The Arbitrariness of Signs
“I saw the sign and it opened up my eyes and I am happy now …”. Many readers will rehear the pervasive pop ditty from the 90’s; a song sure to conjure recollections of time and place as varied as those who recognize it.
It is this sort of universal identification paired with personal recall and association that is at the heart of “The Arbitrariness of Signs”, on view at Momenta Art (359 Bedford Ave) through April 19th. With contributions from 15 artists, the show manages to be both plentiful and playful, successfully fulfilling the promise of guest curator Sara Reismans experimental accompanying text.
The consummate Reisman encourages us to “receive the artworks according to your personal visual languages and codes”. The adoption of this suggestion is where the show and the fun really begin.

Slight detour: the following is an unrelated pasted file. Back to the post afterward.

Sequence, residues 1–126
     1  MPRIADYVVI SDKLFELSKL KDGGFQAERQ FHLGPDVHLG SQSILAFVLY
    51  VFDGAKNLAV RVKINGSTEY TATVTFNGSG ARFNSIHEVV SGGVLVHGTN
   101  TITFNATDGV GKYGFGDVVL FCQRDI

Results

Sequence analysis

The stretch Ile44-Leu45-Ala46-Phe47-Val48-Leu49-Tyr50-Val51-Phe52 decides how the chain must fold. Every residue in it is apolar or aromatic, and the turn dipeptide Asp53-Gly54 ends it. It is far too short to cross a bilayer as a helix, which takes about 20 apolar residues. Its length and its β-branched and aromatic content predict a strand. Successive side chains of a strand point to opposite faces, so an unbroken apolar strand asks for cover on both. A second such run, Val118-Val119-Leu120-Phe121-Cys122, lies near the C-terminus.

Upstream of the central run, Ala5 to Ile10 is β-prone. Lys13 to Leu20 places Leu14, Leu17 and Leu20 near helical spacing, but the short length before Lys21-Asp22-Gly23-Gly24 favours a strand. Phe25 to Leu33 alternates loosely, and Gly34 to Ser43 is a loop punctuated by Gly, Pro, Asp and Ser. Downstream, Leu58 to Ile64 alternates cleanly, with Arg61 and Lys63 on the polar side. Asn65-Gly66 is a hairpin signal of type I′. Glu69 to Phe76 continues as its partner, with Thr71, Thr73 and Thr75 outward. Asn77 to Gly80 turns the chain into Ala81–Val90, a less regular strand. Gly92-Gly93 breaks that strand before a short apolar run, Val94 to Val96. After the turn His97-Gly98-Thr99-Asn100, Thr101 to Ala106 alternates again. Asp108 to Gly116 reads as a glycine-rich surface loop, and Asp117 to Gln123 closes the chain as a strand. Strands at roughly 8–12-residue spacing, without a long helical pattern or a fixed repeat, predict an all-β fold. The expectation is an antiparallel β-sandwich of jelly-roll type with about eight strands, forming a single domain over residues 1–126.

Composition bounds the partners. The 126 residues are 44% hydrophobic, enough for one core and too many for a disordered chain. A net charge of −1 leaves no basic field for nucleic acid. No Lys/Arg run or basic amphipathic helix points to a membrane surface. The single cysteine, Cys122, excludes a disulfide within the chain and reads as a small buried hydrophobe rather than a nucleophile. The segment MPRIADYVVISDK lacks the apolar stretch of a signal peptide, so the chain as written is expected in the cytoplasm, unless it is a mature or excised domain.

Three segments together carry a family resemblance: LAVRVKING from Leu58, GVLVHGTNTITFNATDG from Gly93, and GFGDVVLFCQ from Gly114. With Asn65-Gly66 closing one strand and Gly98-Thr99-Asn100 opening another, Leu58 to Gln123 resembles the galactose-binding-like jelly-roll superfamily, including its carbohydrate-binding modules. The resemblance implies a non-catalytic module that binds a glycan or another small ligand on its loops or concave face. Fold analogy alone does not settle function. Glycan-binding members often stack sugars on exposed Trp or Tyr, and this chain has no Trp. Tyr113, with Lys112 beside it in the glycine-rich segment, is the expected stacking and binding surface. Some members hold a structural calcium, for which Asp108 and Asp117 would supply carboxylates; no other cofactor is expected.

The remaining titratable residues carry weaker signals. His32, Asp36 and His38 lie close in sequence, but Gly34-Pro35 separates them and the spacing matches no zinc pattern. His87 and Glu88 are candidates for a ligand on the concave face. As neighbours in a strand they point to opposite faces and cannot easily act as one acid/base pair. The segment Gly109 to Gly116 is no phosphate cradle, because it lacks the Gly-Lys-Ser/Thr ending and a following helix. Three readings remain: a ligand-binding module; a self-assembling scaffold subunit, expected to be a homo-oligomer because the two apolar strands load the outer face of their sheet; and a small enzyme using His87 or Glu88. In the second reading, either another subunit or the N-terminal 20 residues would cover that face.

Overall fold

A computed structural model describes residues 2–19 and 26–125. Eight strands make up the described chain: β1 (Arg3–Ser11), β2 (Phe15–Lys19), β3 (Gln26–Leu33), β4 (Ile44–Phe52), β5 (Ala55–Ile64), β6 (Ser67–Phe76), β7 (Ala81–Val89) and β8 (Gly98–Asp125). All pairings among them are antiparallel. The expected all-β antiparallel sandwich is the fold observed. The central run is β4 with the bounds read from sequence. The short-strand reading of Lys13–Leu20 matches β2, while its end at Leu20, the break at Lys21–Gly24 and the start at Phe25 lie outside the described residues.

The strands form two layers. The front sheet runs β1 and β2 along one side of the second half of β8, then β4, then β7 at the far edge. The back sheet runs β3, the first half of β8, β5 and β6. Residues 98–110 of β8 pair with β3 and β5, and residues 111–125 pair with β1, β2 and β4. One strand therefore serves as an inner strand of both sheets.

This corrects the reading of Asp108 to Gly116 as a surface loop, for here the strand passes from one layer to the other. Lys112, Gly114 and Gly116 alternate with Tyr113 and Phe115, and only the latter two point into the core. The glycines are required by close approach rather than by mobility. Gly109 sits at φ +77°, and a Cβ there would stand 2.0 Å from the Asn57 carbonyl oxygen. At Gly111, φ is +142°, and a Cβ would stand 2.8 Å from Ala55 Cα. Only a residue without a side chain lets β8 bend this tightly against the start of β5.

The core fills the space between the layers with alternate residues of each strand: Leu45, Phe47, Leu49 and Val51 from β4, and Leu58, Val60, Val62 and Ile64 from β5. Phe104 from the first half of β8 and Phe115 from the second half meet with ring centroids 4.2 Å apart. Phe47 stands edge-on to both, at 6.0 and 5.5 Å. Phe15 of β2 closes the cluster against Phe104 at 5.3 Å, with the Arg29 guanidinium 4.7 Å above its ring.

First stop on this odyssey of symbol would be Nina Lola Bachhubers ‘Mute Orchestra’, an intriguing herd of steer horns mounted on vinyl records. Enigmatic and stoic, their only music now rendered a syncopated optical interplay of one horn against another. Nearby an impressive latticework of black ribbon and wreaths, Ian Coopers “Switchboard Tangle”, possibly alludes to the techno-sourced death of human dependant modes of interpersonal communication.
Additional artworks here, in some way, indicate a process of discernment as ancient as humanity itself. From pre-cuneiform cave drawings to the 18th century rebus to current email emoticons, this show wittily reminds us that, as arbiters of our own visual experience, we remain Cro-Magnon and, in terms of interpretation, the sovereign of all we survey.